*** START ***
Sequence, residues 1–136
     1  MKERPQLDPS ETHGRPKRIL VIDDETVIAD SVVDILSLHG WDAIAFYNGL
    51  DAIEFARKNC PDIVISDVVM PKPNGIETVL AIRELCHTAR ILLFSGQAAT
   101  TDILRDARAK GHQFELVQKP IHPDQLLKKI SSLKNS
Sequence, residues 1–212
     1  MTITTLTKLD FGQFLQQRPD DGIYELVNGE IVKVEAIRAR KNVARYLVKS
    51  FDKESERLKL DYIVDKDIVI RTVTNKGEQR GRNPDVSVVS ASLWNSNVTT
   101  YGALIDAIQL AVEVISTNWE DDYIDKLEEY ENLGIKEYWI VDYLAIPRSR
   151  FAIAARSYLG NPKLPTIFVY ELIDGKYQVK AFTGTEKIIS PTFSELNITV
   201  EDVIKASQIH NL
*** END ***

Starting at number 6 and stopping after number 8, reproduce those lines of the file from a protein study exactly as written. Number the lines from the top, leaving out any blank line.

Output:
     1  MTITTLTKLD FGQFLQQRPD DGIYELVNGE IVKVEAIRAR KNVARYLVKS
    51  FDKESERLKL DYIVDKDIVI RTVTNKGEQR GRNPDVSVVS ASLWNSNVTT
   101  YGALIDAIQL AVEVISTNWE DDYIDKLEEY ENLGIKEYWI VDYLAIPRSR